“Success is inevitable. As long as you don’t give up and keep doing the personal work on yourself.”

Do you ever have occasion to question your confidence? Find yourself in a situation where you’re in a bit over your head, or trying something slightly out of your league? It’s part of the human condition that we all face, and until we feel a bit of mastery about something it’s only natural to have some butterflies in our stomach the first few times out doing anything. Whether it’s teaching a class or learning to sky dive, it’s only by actually stepping into the ring and taking action that we gain real belief in ourselves.

One of the secrets to happiness in life is progress. The flip side is stagnation, and we all know how that feels. So the secret sauce of aging gracefully could be to keep on learning and gaining more confidence and mastery in our chosen pursuits as we move through life. And sometimes we don’t believe that we have a knack for something until someone else points it out.

When I review my first five decades I can see a number of times where at first I didn’t think I could do something, then a nudge from someone or a fortuitous circumstance thrust me into it, and then after resigning myself to practice and paying my dues it became second nature and an old hand with all the confidence of an expert.

It started with music. For some people working in a record store is a rite of passage, for others it becomes a way of life. My formative years were very much shaped by the time I spent behind the counter at various shops, and before I was old enough to be employed in them, the many hours I spent pawing through the bins and hogging the listening decks at my favorite vinyl haunts. My own form of rebellion had the side-effect of being a musical history education.

Some kids take the path of learning an instrument, and have parents who support them in this, traveling with the high school band to games and possibly going on to careers in music. That wasn’t me, I didn’t have the discipline to stick with my short lived attempt at playing trombone. About the only thing I was confident about in those days was that I could get out of any kind of trouble that I found myself in, and most of my energy went into creating it!

As I was coming of age in the late 1970’s and early ’80’s, other kids excelled at academics or got lost in entertainment. It’s hard to imagine now an era before video games and social media, the two black holes of attention offered up to the boys and girls of today. I remember us more social and rebellious types derisively referring to Nintendo as ‘No-Friend-O” when it started to appear on the scene and some of our acquaintances would succumb to it.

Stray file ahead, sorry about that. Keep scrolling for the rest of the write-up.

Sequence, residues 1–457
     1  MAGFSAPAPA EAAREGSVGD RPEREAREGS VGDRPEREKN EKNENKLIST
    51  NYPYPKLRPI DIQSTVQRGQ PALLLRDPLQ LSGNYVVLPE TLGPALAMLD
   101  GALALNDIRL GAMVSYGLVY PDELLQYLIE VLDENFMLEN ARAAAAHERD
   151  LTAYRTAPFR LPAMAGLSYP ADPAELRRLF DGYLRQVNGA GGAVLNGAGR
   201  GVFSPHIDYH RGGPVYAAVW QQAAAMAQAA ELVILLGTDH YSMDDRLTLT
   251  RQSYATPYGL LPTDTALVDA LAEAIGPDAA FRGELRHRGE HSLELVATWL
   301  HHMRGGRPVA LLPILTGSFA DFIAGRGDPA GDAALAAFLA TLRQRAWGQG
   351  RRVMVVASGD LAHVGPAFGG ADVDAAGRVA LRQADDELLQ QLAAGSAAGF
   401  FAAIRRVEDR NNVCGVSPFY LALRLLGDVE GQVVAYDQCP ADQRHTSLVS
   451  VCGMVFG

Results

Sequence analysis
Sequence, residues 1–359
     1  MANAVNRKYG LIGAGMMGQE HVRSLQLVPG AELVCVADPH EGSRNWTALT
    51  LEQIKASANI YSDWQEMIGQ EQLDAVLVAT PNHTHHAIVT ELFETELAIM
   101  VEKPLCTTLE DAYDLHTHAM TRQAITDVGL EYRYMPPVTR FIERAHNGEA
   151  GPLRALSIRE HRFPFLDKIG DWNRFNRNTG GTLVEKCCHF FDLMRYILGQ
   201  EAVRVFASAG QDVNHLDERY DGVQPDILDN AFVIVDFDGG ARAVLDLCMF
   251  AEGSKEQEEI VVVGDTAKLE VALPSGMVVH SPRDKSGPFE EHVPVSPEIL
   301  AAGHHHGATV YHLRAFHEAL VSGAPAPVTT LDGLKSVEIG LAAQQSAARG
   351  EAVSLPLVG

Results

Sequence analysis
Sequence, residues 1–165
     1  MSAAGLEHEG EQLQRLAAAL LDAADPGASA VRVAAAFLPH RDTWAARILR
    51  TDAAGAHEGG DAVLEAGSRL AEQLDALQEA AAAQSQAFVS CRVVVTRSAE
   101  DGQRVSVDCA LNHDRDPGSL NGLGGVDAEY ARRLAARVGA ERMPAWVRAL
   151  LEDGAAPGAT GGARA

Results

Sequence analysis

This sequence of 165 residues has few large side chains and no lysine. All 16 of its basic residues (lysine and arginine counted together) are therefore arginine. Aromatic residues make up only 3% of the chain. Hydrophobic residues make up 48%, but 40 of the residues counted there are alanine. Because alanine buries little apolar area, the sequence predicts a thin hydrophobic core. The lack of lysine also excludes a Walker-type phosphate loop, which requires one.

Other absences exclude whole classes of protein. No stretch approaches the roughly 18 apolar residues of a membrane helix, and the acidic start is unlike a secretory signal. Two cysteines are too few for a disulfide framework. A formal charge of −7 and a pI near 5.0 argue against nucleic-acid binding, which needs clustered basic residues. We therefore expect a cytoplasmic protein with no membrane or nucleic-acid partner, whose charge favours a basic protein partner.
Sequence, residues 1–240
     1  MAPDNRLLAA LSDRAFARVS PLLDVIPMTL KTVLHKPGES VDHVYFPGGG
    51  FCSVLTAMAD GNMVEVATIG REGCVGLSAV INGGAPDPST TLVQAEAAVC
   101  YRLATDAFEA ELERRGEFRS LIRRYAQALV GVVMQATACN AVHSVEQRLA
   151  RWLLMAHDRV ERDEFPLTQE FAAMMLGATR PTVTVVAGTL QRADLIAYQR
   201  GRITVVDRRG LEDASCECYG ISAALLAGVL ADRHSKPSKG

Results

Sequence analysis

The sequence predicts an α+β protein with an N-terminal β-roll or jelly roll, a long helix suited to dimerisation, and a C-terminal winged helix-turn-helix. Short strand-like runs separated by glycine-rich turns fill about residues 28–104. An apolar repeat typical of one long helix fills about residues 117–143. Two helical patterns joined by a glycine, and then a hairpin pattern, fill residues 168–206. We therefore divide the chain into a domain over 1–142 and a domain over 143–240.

The other path was to pick up an instrument and be in a rock band. While I had the desire, I definitely didn’t have the confidence, discipline or follow-through to make it happen. I made a feeble attempt at learning how to play the bass guitar, and later had a stint as the front man singing for a short-lived punk rock band in Denver Colorado. I can see it now that if I had stuck with that path, and survived the pitfalls of the rock’n roll lifestyle, I might’ve been one of those old rockers doing reunion tours right about now.

Then came the DJ years. As the owner of a clothing store at the epicenter of the rave explosion in San Francisco in the early 90s I found myself surrounded by confident young DJs who were rapidly rocketing to fame and fortune, even including my girlfriend at the time! Somehow I harbored a limiting belief that they had some special inborn talent and that beat-matching was beyond me, so I contented myself collecting oddball records and playing in the side rooms.

A few years after the initial frenzy died down, I was living with a pair of turntables and remember thinking to myself, “What if I just practice a little bit everyday?” Lo and behold I discovered that there was no special DJ gene that I was lacking, what mattered was simply dedicating myself to doing the work on a regular basis. Looking back, I’m actually relieved that DJ superstardom wasn’t my path, the pitfalls of that lifestyle are likely worse than rock’n roll, and I believe I have more potential to create meaning in the world doing what I do now.

That said, as far as the craft of DJing is concerned, I now consider myself an expert, confident to hang with the best. And what’s even better is that I’ve carved out a niche like none other — as one of the only vinyl-spinning DJ’s in the conscious dance world I’m in a unique position to study the somatic difference between analog and digital sound in the live laboratory of the dance floor.

Yesterday I made a return appearance at the Sunday Santa Barbara Dance Tribe event and was once again amazed by the response from the dancers down there. And on nights when I’m spinning the records at our weekly Dance Jam in Berkeley I’m convinced that we have one of the finest conscious dance experiences available anywhere. It’s taken a while to build up the confidence say that!